HCV screening at blood banks usually consists of testing for presence of antibodies; these are harmless proteins produced by our own immune response to a pathogen, in this case HCV.
Antibody results are either ‘reactive’ (positive) or non-reactive (negative). A reactive result only indicates possible exposure, but not necessarily presence of active, RNA virus. Antibody testing is set up to inexpensively screen large pools of people, and is subject to false positive results. This necessitates further, confirmatory testing.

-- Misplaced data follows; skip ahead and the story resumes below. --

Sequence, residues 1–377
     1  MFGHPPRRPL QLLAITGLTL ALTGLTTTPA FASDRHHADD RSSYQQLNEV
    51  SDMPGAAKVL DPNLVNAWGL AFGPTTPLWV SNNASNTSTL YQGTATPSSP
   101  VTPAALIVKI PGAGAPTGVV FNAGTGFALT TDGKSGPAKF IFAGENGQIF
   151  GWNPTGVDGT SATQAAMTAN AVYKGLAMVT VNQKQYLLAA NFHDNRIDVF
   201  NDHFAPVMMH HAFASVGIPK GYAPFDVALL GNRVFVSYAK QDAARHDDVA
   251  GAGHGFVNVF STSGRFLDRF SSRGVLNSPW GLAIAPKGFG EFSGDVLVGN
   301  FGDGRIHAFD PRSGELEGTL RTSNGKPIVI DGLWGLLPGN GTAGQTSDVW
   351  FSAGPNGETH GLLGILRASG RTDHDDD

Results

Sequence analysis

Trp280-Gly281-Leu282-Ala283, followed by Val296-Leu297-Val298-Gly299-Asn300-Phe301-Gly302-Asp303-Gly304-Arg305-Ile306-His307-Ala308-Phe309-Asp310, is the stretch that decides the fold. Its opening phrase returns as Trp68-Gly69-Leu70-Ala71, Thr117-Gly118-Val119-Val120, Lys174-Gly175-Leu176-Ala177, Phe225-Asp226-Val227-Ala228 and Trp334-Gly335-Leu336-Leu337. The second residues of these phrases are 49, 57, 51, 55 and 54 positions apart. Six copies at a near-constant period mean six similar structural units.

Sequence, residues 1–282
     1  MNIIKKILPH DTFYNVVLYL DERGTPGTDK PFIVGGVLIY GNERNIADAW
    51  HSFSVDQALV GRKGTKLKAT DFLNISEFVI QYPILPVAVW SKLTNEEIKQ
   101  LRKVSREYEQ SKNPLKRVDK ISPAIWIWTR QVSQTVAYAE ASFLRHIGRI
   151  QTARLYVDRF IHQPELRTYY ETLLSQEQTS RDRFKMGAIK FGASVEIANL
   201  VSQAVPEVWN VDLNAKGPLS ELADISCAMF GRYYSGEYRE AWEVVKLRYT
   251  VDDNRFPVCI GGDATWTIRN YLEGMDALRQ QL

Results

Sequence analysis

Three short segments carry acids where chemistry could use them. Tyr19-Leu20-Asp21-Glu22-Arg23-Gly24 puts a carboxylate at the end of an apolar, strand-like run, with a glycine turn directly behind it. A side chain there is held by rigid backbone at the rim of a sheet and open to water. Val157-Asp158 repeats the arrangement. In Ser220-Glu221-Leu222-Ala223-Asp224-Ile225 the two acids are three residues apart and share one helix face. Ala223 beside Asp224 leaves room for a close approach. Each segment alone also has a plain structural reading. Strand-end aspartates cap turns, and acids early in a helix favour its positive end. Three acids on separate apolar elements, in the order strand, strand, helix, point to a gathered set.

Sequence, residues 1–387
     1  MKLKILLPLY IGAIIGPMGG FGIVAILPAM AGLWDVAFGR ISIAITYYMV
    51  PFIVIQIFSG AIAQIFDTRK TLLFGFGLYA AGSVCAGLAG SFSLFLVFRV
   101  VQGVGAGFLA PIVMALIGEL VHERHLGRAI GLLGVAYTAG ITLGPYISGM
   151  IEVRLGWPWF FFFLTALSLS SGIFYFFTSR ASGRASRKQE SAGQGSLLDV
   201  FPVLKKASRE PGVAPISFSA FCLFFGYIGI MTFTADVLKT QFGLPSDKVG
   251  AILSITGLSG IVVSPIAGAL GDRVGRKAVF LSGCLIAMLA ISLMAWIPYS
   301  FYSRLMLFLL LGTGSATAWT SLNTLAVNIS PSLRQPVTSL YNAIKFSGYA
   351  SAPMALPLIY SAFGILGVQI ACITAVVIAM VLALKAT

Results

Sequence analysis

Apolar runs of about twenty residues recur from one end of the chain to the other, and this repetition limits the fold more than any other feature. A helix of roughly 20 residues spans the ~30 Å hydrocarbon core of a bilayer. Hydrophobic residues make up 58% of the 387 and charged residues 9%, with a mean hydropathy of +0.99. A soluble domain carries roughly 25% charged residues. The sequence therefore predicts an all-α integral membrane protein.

Additionally, even if the antibody result is truly positive, and the patient was indeed exposed in the past, 15-2-% of patients will clear the virus with the aid of their own immune response in the initial six months of infection. In this case, they will continue to test positive for antibodies for life, but do not carry the active virus.
The HCV RNA by PCR test is a nucleic acid test that checks for presence of active virus, as opposed to antibody results.
Tx is an acronym for ‘treatment’:
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